For example, when you are dealing with a general CAD editor, you talk more in overviews rather than detailed terms, unless they decide they want to get detailed at which point you shift gears and reciprocate.

    Most ‘manufacturing’ publications, which Machine Design is regarded by us, tend towards user stories for software, and typically do not have that many pages devoted to engineering software to make that publication an outright #1 target for vendors. Don’t get me wrong – it’s nice to get editorial in. The questions as to if the editorial was successful are what remain with any manufacturing publication.

    Then there are certain publications that happily take pay-for-play editorial – you know who you are – and that is a budget issue for the CAD vendors, but if it leads to sales, we will do it.

    Some publications are simply looking for decent well-written content, at no charge, and if the vendor can supply it, up it goes…

    CAD vendors have to be realistic about the publications and also the readerships they have. I always take the view that readers of any publication are always brighter than the people that write them, and any publication that does pay-for-play content will ultimately fail because they have no respect for their readers. (But we will use them in the meantime.) This view comes about because readers can at the end, always sniff out paid-for content and will switch off reading that publication and go elsewhere in the long-run.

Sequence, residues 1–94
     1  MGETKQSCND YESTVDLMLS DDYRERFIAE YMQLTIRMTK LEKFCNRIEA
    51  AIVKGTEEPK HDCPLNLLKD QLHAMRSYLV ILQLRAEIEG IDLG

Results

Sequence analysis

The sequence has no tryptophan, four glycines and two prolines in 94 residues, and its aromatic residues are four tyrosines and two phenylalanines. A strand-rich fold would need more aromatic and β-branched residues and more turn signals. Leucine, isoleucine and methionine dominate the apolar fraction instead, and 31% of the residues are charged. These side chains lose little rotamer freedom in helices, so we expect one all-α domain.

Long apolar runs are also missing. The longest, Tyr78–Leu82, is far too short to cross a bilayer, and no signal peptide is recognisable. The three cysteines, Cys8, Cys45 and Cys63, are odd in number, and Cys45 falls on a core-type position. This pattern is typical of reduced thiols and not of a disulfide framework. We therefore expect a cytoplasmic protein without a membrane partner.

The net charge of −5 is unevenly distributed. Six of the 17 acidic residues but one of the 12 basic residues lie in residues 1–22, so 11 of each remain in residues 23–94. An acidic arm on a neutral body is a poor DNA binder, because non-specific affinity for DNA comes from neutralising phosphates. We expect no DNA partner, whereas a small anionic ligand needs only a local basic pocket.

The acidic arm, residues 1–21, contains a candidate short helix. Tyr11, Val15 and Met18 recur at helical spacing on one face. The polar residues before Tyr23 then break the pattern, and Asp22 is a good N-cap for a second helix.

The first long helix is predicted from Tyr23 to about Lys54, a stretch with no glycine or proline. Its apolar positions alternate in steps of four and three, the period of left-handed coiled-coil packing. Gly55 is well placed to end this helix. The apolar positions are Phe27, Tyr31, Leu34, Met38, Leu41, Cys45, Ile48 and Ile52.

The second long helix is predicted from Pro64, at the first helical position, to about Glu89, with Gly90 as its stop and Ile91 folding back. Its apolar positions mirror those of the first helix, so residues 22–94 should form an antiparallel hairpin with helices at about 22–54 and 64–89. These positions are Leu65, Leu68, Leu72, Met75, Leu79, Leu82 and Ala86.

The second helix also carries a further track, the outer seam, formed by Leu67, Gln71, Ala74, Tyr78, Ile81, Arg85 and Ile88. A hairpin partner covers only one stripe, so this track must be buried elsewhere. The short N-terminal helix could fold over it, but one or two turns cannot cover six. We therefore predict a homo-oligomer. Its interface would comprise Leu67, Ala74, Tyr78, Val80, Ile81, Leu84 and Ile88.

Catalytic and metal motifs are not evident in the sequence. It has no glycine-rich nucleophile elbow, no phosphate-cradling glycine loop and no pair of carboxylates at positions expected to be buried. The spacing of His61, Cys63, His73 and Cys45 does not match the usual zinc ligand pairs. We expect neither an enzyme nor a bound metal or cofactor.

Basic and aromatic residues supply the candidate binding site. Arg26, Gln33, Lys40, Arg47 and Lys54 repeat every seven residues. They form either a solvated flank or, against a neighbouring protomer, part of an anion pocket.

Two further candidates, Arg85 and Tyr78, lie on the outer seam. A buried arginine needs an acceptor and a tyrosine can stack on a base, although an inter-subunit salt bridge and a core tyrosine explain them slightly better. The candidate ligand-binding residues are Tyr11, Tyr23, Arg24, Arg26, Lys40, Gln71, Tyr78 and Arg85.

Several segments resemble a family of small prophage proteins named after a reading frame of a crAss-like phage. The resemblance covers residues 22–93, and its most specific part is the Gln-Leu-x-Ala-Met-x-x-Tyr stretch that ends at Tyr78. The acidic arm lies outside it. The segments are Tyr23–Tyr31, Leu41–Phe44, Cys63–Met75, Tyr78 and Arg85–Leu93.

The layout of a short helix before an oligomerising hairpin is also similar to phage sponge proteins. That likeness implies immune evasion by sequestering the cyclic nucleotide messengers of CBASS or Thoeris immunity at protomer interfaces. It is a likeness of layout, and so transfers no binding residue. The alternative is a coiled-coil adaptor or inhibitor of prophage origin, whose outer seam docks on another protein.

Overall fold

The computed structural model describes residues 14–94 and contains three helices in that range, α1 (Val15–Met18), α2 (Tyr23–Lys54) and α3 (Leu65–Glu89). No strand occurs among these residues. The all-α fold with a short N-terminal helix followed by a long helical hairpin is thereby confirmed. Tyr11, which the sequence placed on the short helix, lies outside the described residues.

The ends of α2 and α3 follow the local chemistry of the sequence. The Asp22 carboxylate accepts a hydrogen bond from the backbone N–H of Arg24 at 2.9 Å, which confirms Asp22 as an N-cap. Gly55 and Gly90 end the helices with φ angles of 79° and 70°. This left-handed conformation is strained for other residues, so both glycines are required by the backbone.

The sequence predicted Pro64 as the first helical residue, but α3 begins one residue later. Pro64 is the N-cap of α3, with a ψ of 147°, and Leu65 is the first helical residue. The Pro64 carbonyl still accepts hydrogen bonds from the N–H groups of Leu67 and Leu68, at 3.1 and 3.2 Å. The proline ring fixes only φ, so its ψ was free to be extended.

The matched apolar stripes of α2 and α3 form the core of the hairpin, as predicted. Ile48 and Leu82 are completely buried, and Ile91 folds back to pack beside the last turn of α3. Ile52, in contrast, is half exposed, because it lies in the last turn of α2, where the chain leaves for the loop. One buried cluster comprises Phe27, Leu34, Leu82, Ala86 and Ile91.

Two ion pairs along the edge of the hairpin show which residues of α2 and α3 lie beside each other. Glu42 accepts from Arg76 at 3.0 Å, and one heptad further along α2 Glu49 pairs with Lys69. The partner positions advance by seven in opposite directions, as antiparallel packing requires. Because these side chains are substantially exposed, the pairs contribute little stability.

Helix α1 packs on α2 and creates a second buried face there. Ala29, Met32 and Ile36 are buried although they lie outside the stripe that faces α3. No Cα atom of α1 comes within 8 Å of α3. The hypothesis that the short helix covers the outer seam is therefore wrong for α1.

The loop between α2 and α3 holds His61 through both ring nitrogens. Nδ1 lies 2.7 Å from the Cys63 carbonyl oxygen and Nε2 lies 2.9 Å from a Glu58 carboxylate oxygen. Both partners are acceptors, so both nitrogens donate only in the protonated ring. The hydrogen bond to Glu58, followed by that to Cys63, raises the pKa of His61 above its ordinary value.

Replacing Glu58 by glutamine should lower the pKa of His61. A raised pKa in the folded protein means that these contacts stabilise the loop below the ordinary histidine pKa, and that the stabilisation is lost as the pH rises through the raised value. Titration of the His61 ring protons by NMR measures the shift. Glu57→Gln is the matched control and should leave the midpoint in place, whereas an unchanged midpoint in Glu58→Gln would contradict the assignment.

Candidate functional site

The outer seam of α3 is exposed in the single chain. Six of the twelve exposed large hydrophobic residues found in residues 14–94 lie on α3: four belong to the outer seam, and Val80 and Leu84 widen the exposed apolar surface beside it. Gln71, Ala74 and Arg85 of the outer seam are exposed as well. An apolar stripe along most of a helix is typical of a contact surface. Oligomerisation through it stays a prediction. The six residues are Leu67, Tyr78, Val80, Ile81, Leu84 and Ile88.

And in my opinion that ‘elsewhere’ will be where the readers can get smart, level opinions, unbiased by vendor pressure, where they get educated about the part of the CAD market they are interested in. Who is that going to be? Bloggers? Traditional media? Don’t know – my crystal ball isn’t quite functioning this week:).

    It’s all a bout content, but it’s also all about what vendors get out of it to achieve their commercial needs. Editors shouldn’t forget that either..

    Rach

  • Rachael,

    I appreciate your candor. I am not sure if CAD vendors are being blamed for anything here. You blame people when they do something wrong, right? 😉

    Lets play this out a little. You rightly pointed out that success = sales. A sale is obviously the commercial goal of any advertiser. To sell something you need to tell a prospective customer how good that thing is, and you need someone to convey that message to him.

    So if I want to learn to be a better cook or learn new recipes, I will go buy a book written by the world best chef, not by someone who took a cookery class just yesterday. Especially if I have already been cooking reasonably well all my life.